“I won’t go, no matter what,” I said. “If they take me by force…” I didn’t want to finish my sentence. I knew what I would do. I would either hurt someone and opt for prison over foster care or hurt myself, and simply opt out of life. I didn’t consider myself suicidal. Just tired.
“Can’t you just get emancipated or something?”
It was a question I actually didn’t have to look up the answer for. “No. You have to have parental permission, and you have to prove that you can support yourself. I can’t do either. And it takes a long time. I’d be eighteen and an adult before it was granted, anyway.”
“Sounds like you’ve looked into it.” I hadn’t needed to. I’d been in the foster care system. I didn’t look into it. I just knew it.
I changed the subject.
“So, you work at the junkyard?” I asked.
“Yeah,” Jake said. “I’m not here long-term or anything. Dad’s manager Reggie called me and said he needed some help straightening everything. Their secretary quit, their purchase orders are all wrong, and their ancient computer system crashed and took all their information with it. It’s a mess.”
“Why doesn’t your dad fix it?”
“He’s…sick,” Jake said. Everyone in town knew that Frank Dunn was a hermit. He rarely came out of his house, and when he did, it was just to buy booze.
“Oh. I’m sorry.” I knew what it was like to have a “sick” parent... or parents. Mine were the sickest of them all.
The comfortable silence returned and we sat side by side, watching the pelicans dive into the water for fish. It amazed me how they could see from that far up in the sky. They never seemed to miss and always emerged chomping on their catch, fins flopping between their beaks.
The sun had been up in the sky for way longer than could be called a sunrise, so we walked in silence back to the bike. I told him where Nan’s house was. He said he didn’t need directions. Of course, he didn’t.
I kept forgetting he was from here.
I thought once we got to Nan’s, if I didn’t acknowledge the giant blue tarp in the driveway then he wouldn’t either. “Thanks for the ride,” I said. I handed him his helmet.
“What’s all that?” he asked, gesturing to the very thing I’d hoped he would ignore.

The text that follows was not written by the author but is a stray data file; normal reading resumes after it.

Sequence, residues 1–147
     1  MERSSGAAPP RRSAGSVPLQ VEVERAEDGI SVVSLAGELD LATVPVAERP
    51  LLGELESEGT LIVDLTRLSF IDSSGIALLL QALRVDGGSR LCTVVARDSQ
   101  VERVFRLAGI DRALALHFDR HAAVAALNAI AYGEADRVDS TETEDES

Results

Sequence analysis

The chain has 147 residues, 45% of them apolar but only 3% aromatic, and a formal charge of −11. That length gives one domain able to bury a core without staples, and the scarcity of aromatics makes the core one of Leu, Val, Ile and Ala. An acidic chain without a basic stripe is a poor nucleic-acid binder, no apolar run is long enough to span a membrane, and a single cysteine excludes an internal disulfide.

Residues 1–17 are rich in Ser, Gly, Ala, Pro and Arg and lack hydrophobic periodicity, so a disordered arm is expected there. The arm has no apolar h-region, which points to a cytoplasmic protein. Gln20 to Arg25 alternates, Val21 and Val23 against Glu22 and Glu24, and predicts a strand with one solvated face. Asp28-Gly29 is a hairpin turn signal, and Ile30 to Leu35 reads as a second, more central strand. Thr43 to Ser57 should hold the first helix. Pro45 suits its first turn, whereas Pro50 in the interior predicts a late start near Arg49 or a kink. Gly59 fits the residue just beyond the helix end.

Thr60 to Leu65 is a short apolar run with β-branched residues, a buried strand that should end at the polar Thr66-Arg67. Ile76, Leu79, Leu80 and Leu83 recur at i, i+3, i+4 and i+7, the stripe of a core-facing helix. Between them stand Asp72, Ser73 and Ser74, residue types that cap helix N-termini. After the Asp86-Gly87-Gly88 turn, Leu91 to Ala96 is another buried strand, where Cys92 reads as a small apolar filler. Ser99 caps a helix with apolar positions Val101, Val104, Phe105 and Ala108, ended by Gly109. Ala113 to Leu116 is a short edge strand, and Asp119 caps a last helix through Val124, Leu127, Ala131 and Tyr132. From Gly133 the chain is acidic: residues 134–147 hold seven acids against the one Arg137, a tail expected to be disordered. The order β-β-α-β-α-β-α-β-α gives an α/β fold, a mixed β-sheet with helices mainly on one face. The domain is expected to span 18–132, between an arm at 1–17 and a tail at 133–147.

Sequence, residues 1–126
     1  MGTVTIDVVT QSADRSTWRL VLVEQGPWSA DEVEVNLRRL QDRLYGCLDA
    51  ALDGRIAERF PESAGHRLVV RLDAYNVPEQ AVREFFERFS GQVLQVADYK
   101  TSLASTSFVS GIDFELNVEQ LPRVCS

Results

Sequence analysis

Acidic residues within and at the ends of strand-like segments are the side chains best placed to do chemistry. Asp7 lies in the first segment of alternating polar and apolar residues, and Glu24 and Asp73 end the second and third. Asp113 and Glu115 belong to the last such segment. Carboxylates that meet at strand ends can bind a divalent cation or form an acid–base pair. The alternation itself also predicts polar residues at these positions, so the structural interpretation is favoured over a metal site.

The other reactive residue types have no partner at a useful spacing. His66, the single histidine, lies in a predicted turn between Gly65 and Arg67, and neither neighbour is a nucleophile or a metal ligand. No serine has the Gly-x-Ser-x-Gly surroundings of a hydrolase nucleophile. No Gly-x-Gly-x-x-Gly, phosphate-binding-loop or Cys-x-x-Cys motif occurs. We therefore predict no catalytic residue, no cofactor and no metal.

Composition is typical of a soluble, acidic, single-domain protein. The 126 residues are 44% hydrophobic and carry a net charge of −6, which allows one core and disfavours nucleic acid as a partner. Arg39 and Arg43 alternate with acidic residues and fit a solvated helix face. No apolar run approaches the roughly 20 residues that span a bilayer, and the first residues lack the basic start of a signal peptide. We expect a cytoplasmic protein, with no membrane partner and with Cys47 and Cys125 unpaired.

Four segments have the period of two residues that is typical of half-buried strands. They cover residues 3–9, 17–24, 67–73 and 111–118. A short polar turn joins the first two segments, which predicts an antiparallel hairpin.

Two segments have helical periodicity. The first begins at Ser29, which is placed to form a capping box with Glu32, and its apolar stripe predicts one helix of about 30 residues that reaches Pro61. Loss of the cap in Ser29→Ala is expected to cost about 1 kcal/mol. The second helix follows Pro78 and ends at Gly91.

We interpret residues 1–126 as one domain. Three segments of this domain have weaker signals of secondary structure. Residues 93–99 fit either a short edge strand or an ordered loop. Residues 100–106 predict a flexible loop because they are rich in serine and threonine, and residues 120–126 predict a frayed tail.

“Garage sale stuff.” He had to go, and go now. I needed to come up with a plan. So far, it only consisted of squatting around Nan’s house until further notice. I’d forgotten about the boards on the windows. Shit. My situation was more obvious than I thought it would be.
I walked up the old steps of the porch, waiting to hear Jake’s bike take off. Instead, I heard nothing but the idling engine. I stood facing the door and pretended to rummage through my bag for my keys. Even if I’d had them, they wouldn’t have worked. There was a big gold padlock over the board on the door. I hoped he couldn’t see it from the road.
“You forget your key?” he called out.
“Yeah,” I lied. “I’m just going to go around back where the spare is.” I waved again and hoped that when I rounded the side of the house and reached the lanai he would take the hint and leave.
The screen door was locked. I bashed the flimsily latch with my wrist and it popped open instantly. I guess I wasn’t going to have to cut the screen after all.
The sliding glass door had another eviction notice taped to it, a duplicate of the one on the front door. I pulled it off and crumpled it in my hands. Then I sank down onto my ass, my back up against the door, and I rested my head in between my knees.
I was fucked.
I had nowhere else to go, and even if I did I had no money to get there. I would have to try to find some tools and break in, but that would only buy me a little bit of time. Nan’s house would probably be sold soon and occupied by seasonal renters or blue haired snowbirds in no time.
I pulled my hood over my head. It was ninety degrees out, but I didn’t give a shit. I just wanted to curl up and die.
“Abby?” a voice asked.
I knew exactly who it was without having to lift my head.
It was the foster care devil coming to drag me off to hell.
She was right on time, too. The pattern of my life seemed to be rolling right along on schedule. Something bad happens. Something worse happens. Something really bad happens. The cards I was being dealt were all the Fool.
“Dan,” I replied.
“Dan?” She questioned my use of her nickname, which only I knew the meaning of. I looked up at her. She looked down at me like I had three heads, and all three of them saw the pity in her eyes. “What are you doing back here on the lanai?”